Fla. School Principal Must Drop Religious Crusade, Says AU

Attorneys with Americans United for Separation of Church and State have urged a Florida school district to rein in a principal who is using his position to promote Christianity.

AU received complaints about a newsletter issued by Larry Davis, principal of Clay Hill Elementary School near Jacksonville. In a Sept. 30 newsletter issued to about 40 employees, Davis endorsed flagpole-prayer sessions at the school and went on to assert, “Freedom comes from obeying God. Let’s get active to bring back the Holy Bible and Christian prayer to schools.”

Davis also quoted a California pastor named Steven Andrew who promotes “Christian nation” views on his website, faith316.com.

Davis wrote, “Pastor Steven Andrew states: ‘Our children need God back in schools’ and he is calling Christians nationwide to bring back the Holy Bible and Christian prayer to schools. The First Amendment was for Christians only, not other religions.”

In an interview with the Florida Times-Union, Davis said he did not see a problem with Andrew’s language.

“This is his opinion and what he says,” Davis said. “To me, it just looked like it all went together with the morals. I don’t think it was a stretch at all for him to make those comments or for me to share them.”

Flagpole-prayer sessions have become common in some public schools and are permissible if they are run by students and don’t include school sponsorship or promotion. In the newsletter, Davis made it clear that the devotionals at Clay Hill Elementary are tied to the school. He consistently referred to them as “our prayer around the school’s flagpole event.”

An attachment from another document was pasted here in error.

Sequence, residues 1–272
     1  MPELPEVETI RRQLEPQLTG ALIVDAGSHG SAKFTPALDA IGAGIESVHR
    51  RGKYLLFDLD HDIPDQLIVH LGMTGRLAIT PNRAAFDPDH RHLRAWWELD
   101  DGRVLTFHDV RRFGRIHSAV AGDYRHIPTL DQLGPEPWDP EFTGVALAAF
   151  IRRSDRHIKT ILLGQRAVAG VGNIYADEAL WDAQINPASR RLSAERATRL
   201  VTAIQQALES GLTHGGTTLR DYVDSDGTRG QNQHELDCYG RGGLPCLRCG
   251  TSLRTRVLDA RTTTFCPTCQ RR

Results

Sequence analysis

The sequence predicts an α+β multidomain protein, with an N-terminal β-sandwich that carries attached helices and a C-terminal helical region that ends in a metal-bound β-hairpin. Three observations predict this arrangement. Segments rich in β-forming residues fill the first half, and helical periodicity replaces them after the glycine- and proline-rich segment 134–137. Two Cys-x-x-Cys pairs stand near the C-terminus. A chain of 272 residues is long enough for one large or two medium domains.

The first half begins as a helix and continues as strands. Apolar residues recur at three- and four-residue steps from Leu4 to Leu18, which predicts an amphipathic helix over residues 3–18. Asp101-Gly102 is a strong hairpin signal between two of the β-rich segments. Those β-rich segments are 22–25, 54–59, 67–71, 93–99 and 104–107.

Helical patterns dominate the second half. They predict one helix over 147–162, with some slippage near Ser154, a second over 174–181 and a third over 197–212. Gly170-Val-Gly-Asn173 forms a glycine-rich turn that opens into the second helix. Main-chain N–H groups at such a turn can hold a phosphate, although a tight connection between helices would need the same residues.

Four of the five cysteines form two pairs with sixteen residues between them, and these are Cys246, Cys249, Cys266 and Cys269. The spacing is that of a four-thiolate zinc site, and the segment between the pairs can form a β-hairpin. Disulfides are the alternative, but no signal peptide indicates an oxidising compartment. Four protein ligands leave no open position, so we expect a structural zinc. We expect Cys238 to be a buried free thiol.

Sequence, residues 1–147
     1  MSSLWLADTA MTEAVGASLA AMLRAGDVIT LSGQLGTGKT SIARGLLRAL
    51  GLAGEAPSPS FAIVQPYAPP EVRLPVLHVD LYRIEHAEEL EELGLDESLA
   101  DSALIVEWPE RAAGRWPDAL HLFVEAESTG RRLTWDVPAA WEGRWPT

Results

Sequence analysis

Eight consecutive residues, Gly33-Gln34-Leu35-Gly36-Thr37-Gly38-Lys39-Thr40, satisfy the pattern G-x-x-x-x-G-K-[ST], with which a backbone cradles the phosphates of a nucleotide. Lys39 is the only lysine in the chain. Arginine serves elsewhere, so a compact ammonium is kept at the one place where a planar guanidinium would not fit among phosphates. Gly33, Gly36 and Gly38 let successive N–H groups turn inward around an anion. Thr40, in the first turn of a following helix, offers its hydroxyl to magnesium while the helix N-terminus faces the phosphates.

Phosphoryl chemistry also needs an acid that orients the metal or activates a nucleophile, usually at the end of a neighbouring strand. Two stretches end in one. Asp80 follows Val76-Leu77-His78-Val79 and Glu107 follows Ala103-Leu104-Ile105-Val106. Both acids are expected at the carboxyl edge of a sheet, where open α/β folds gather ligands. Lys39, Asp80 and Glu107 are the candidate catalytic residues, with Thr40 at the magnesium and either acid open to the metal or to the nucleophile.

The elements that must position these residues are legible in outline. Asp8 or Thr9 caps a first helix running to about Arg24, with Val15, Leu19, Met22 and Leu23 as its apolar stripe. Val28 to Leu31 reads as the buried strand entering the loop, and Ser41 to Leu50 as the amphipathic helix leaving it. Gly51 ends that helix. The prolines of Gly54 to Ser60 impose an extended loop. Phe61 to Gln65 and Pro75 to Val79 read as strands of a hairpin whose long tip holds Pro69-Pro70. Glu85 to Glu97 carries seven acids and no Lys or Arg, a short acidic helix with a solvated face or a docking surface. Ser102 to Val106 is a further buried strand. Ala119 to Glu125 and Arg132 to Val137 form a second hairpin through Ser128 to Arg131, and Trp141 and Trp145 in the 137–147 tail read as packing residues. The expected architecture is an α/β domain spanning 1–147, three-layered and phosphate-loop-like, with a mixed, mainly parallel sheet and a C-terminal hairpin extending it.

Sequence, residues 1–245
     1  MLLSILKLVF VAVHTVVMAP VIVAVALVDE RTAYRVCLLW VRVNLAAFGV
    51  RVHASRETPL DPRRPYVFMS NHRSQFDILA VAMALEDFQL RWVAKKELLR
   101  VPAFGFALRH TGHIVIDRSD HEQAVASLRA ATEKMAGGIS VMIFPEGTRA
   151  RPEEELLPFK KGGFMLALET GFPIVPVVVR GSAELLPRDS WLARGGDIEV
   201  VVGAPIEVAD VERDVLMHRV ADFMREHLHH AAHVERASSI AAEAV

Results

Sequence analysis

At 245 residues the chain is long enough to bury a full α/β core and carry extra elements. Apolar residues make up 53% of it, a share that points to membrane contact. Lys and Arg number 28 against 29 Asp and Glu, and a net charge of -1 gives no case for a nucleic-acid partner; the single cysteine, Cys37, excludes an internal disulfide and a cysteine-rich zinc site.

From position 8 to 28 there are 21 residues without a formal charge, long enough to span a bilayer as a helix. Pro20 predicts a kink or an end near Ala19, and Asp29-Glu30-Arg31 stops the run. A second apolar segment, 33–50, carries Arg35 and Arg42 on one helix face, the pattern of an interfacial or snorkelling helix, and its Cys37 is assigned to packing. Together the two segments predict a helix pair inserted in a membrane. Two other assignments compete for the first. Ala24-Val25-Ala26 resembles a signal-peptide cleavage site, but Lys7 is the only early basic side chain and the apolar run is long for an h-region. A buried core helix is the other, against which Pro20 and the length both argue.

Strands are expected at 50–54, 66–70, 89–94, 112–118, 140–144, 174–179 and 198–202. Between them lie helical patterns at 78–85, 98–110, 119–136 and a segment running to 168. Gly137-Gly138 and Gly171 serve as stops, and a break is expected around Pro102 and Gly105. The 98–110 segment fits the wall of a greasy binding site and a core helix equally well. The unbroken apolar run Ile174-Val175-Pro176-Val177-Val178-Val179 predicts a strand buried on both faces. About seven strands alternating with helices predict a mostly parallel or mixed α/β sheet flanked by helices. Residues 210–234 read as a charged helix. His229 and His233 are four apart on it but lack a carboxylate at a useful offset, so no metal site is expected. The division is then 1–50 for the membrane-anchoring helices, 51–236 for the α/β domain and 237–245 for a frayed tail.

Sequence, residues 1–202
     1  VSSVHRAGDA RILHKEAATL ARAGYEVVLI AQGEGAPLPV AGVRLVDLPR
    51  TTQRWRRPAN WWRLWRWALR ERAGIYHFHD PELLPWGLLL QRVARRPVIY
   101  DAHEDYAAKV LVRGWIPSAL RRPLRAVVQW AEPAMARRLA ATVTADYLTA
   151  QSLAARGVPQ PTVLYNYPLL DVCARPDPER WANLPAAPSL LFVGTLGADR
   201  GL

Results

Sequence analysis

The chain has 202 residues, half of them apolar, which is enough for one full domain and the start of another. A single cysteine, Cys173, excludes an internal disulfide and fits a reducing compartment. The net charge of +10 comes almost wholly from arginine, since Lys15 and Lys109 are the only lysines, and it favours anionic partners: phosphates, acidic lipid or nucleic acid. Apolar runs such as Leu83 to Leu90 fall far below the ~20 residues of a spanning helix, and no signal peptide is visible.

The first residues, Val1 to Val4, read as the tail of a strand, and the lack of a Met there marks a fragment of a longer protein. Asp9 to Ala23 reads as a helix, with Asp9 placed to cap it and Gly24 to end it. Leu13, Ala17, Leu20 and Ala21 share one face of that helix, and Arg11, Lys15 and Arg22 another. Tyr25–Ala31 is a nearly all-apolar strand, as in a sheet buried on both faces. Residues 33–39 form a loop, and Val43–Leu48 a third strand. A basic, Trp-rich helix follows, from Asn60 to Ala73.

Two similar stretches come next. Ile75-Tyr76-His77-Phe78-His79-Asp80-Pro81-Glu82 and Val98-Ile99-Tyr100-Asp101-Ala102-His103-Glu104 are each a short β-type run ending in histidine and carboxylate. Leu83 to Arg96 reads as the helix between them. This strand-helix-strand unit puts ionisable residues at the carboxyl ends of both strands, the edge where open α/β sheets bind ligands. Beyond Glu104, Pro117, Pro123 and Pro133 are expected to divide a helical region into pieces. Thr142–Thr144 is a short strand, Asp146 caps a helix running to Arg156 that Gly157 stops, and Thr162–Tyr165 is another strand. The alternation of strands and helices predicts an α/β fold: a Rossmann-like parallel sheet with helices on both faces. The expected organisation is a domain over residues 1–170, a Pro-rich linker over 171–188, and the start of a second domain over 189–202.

The flagpole prayer sessions in Clay County aren’t run by students. They are led by Pastor Ron Baker of Russell Baptist Church in Green Cove Springs. Ben Wortham, superintendent of the Clay County School District, has asked Baker to stop the prayers, but Baker has refused.

“I think if we stop, it somehow sends the message that I think it must be wrong,” Baker said. “Why wouldn’t I want to pray for the safety and security of that school, pray for all those teachers and administrators, pray for all those students?”

In a letter to Wortham, AU Legal Director Ayesha N. Khan asserted that the prayer sessions raise constitutional red flags and undermine the principle of church-state separation.

“It is unconstitutional to provide a special benefit to a religious community group – such as the right to enter school grounds and have access to students for an activity – that is not provided to any other community group,” Khan wrote.

The worship services are taking place at Clay Hill Elementary and three other schools in the district. The prayers occur just before the school day begins, and staff members often participate.

The district’s attorney, J. Bruce Bickner, has examined the matter and advised the district to discontinue the sessions. In a legal opinion, Bickner asserted that district employees have no right to pray with students.

Wortham told the Times-Union that he, too, has concerns about the prayer practice.

“I think we’re over the line in terms of what is allowed in the public schools for an administrator to be, in a sense, promoting this,” Wortham said.